Carl, 19, is a Korean-Danish adopted by a rural Danish family dominated by white people. The film starts with capturing a vast farm landscape and a stone suddenly falling from the sky and forming a puddle. After returning home from school, Carl helps his parents work on the farm, and the old parents want him to take over the farm. Carl’s daily life in the film is calmly captured with realistic and observational eyes, but fantastic and surreal scenes are inserted in the middle. As if the stone struck in a tranquil natural landscape, the film depicts the existence and psychology of Carl across reality and fantasy, capturing his sense of isolation and anxiety. Additionally, the film demonstrates the quiet love of the family, and subtle distance between the family members that cannot reveal each other openly, and the heterogeneity within the community in a balanced and disciplined way. This film is not about a noisy and dramatic conflict, but of growth and tracking down the roots of “migration” quietly. Still, it is interesting that the quiet migration becomes noisy only in the Korea scenes. (LEE Seungmin)​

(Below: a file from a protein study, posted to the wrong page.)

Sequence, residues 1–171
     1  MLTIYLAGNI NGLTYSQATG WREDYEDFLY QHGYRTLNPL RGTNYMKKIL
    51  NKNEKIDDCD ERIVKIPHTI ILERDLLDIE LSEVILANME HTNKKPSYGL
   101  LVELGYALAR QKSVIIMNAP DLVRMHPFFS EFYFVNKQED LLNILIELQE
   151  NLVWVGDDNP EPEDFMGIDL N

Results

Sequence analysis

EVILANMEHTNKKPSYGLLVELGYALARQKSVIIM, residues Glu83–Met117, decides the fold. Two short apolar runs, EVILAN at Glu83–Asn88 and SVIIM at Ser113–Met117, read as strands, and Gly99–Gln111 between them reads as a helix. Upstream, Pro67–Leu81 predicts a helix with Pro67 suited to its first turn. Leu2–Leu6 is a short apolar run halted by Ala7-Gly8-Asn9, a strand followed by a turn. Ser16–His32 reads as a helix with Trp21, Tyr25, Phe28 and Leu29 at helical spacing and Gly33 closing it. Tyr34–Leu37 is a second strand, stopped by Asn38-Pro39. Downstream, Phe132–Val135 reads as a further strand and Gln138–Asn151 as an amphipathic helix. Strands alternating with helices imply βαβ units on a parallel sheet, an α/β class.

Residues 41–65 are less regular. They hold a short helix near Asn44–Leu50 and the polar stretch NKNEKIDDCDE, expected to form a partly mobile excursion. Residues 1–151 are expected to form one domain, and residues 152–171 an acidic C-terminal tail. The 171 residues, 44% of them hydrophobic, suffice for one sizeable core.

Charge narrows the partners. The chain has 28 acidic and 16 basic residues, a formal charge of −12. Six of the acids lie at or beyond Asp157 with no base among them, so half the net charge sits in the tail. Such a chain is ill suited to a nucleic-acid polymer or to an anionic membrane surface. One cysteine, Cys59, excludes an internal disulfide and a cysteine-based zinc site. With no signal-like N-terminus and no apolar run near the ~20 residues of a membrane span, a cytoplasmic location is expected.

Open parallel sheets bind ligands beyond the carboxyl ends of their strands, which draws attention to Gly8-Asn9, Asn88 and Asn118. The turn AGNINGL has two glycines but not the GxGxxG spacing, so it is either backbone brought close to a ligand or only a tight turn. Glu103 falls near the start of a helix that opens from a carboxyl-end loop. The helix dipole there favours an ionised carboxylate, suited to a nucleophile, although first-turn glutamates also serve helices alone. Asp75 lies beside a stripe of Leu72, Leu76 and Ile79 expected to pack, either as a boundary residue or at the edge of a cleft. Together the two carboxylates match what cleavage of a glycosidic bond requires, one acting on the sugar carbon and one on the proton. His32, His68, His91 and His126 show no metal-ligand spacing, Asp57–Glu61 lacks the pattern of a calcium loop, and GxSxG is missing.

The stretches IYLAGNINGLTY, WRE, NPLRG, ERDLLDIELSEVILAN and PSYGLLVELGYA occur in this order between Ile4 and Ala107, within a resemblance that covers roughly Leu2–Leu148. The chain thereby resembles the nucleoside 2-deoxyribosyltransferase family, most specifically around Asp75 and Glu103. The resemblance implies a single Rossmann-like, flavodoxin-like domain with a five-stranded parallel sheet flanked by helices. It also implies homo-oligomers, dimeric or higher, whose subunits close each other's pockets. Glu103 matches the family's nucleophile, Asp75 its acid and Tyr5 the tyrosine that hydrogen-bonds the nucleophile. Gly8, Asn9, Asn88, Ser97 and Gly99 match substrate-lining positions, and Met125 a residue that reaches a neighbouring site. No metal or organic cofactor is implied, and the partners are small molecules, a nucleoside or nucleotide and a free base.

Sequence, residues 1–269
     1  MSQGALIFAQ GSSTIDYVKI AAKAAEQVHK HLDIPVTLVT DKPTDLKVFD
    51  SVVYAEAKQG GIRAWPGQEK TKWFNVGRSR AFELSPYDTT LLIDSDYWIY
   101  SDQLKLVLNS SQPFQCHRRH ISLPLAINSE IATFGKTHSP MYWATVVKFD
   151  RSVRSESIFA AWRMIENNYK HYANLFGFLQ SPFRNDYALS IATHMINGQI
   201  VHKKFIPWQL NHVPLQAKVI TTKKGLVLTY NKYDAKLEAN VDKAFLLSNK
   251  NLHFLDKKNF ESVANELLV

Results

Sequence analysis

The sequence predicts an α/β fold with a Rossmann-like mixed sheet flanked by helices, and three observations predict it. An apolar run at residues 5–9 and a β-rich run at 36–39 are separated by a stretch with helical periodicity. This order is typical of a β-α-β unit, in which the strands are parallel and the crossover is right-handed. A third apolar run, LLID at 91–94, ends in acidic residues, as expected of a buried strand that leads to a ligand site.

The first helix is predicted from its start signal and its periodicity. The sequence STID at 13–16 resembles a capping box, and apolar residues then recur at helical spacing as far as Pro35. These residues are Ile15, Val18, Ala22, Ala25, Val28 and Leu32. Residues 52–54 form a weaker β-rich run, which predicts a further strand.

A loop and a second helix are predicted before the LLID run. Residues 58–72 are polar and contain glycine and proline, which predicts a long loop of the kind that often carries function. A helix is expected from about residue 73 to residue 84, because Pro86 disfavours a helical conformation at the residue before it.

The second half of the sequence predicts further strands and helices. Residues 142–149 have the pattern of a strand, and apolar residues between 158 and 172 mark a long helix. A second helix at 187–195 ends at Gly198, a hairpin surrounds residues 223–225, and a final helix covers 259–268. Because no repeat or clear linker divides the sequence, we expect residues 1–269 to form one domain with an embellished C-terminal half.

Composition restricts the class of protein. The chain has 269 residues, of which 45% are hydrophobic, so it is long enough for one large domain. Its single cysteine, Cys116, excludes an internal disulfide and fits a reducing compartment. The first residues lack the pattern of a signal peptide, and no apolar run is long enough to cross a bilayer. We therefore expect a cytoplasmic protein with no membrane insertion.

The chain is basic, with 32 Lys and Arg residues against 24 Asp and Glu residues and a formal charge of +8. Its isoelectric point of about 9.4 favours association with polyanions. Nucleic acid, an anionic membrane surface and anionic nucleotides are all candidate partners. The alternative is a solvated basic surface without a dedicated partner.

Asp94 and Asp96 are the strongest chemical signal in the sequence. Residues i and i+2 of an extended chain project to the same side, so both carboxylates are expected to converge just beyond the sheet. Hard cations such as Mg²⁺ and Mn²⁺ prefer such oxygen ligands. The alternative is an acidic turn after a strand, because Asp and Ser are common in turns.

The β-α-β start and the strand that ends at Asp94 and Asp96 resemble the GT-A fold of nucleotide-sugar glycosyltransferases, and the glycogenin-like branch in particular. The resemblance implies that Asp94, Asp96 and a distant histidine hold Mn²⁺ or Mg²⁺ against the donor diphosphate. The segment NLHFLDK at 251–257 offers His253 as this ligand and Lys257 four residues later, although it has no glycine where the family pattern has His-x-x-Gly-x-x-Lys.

Until the Stones Speak by Kim Kyungman – Korea | 2022 – 101 minutes

The wind blows and the waves crash on and on. The five women who experienced the 4.3 Incident in Jeju were just over 20 years old at the time, and now they are all in their nineties. Despite being acquitted through a retrial, no one can ever compensate for the hardships they went through during that time and their lives over the following 70 years. The film captures the memories of these women and weaves them into the current scenery of Jeju, portraying the poignant history of the island. The natural scenery flows indifferently over vivid memories, and oblivion flows over the ever-changing landscape. The long-standing scenery is also a place of events, and it serves to remind us of the power and limitations of human existence. Memories of a single moment are finite and fluid, but they awaken something within us that goes beyond the physical world. The director, Kim Kyungman, who has long been interested in rewriting history with old footage, pays attention to the current space and words. Like the film’​s title implies, Until the stones speak. (LEE Seungmin)